year. Readers will enter the dressing room with elite champions in the moments before some of 2013’s biggest fights. Hauser’s award-winning investigative journalism is on display in his prize-winning exposé of the tragedy that befell heavyweight boxer Magomed Abdusalamov. There’s a look at the incomparable Don King in the twilight of his career, and much more.
Originally published in 1995, this favorite family story has been joined with Amy Carter’s vibrant illustrations to bring to life a secret friendship that produces unexpected rewards when tragedy looms in a young boy’s life.
In 1837 Representative Joseph J. Anthony stabs the speaker of the house to death during a debate about wolf pelts. In 1899 Hot Springs police shoot it out with the county sheriffs over control of illegal gambling. In 1974 President Richard Nixon resigns in part due to the outspokenness of Pine Bluff native Martha Mitchell. In this special print project of the online Encyclopedia of Arkansas History & Culture, legendary cartoonist Ron Wolfe brings these and many other stories to life. Accompanied by selected entries from the encyclopedia, Wolfe’s cartoons highlight the oddities and absurdities of our state’s history. Seriously, you couldn’t make up this stuff. [Distributed for Butler Center Books]
In the 1920s Genevieve Sadler left her home in California for what she thought would be a short visit to the Arkansas farm where her husband grew up. The visit lasted seven years, and Sadler’s life was changed forever in the time she spent among the cotton farms near Dardanelle in Yell County, Arkansas, on the eve of the Great Depression. Based on her long and detailed letters to her mother, she wrote this engaging memoir with its rich portrait of a small town and its inhabitants, many of whom were poor cotton farmers working on shares. [Distributed for Butler Center Books]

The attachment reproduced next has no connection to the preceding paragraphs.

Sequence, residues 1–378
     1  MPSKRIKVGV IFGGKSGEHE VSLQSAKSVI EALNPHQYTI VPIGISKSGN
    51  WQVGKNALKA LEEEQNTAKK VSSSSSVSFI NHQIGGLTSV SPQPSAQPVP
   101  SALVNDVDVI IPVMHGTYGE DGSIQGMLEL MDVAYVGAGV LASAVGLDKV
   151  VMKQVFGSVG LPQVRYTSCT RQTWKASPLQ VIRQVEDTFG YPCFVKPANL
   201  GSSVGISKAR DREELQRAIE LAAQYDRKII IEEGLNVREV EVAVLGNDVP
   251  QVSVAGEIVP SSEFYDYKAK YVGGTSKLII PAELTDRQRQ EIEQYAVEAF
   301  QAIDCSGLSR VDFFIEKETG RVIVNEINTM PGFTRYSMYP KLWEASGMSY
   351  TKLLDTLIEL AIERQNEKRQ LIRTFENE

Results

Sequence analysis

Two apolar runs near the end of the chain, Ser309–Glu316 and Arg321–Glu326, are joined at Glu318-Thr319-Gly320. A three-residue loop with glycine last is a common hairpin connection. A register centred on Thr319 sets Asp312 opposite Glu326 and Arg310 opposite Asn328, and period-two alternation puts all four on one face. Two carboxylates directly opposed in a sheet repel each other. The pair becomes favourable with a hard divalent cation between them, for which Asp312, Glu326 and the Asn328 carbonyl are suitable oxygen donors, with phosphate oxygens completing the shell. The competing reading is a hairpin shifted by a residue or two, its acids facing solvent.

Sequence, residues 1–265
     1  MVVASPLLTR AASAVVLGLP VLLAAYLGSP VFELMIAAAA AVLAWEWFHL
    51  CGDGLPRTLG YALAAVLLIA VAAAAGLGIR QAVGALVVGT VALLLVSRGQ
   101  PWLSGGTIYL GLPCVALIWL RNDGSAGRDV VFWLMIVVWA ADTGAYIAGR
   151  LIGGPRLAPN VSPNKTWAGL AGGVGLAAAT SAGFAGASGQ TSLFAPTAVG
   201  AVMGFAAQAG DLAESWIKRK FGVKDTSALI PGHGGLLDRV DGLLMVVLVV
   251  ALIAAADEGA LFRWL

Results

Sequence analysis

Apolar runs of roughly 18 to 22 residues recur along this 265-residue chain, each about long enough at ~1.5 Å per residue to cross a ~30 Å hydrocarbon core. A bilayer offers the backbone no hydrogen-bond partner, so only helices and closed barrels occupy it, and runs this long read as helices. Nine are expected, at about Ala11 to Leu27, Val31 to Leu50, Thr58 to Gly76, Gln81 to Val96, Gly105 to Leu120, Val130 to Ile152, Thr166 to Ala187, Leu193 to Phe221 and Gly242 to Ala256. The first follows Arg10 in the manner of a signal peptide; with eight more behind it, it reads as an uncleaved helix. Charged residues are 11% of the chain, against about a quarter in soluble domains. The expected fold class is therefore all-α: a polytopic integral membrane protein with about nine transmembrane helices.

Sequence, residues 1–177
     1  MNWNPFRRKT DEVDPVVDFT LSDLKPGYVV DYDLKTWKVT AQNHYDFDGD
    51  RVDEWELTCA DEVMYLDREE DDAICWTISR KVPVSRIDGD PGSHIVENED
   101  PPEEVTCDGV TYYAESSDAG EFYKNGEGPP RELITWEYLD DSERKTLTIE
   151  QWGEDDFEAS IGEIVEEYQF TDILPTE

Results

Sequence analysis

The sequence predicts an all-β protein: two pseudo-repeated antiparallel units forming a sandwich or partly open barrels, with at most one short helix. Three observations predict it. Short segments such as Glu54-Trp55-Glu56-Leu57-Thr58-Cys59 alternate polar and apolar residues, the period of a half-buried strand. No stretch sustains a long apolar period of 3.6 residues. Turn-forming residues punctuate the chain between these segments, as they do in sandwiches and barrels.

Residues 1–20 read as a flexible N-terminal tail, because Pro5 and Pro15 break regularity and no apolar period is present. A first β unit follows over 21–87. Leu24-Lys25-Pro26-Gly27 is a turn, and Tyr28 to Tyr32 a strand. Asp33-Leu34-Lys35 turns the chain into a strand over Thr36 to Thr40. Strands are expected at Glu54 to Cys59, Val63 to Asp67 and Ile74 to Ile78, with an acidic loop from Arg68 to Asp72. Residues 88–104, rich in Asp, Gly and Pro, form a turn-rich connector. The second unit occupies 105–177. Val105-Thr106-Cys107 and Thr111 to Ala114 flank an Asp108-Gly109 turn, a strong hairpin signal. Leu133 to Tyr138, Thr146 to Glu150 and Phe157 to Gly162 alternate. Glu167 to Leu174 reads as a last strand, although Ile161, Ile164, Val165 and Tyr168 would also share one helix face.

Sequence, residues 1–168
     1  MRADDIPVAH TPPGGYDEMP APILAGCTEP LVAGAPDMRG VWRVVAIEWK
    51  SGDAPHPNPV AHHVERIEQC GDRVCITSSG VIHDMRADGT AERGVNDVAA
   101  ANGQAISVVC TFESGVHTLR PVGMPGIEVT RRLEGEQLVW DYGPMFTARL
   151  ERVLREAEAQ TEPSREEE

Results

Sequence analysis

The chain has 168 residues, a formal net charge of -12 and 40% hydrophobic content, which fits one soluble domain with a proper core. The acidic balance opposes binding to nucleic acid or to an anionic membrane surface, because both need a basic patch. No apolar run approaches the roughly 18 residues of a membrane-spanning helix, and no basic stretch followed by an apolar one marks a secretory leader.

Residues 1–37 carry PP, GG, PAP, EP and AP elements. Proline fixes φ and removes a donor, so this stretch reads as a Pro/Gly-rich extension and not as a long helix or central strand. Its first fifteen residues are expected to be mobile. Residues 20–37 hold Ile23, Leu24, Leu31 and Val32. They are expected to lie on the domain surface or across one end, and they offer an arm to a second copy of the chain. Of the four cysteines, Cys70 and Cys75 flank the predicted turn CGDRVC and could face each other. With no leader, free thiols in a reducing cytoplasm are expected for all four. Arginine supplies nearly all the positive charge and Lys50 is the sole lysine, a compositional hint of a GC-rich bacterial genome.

Rock and roll pioneer and Newport native Sonny Burgess is a member of the Rockabilly Hall of Fame. In this book full of personal interviews and remembrances, Burgess and his band tell of their original recordings for Sun Records in the 1950s; their shows with greats such as Elvis Presley, Johnny Cash, and Jerry Lee Lewis; and their success in the contemporary rockabilly revival. [Distributed for Butler Center Books]
Sally LaChance leads a double life. By day, she works as a park ranger in a midsized Missouri town. At night, she acts as emcee for the local roller derby team, the Boonslick Bombers, at the Empire Roller Rink. Sally loses her temper one day and pulls a gun on a group of polluters in Karst Park. Her boyfriend, a video artist, captures the moment on film and posts the footage to YouTube, putting Sally’s job, her relationships, and her life at risk.
Just before the financial crash of 2008, Sally LaChance must wind her way through the crumbling economy, a DIY skating corps, angry veterans, a slacker boyfriend, an evangelical mother, the war machine, and ever-encroaching private interests. The Empire Rolls captures the changing cultural landscape of the Midwest at a critical moment in history. The Empire Rolls. And it is rolling still.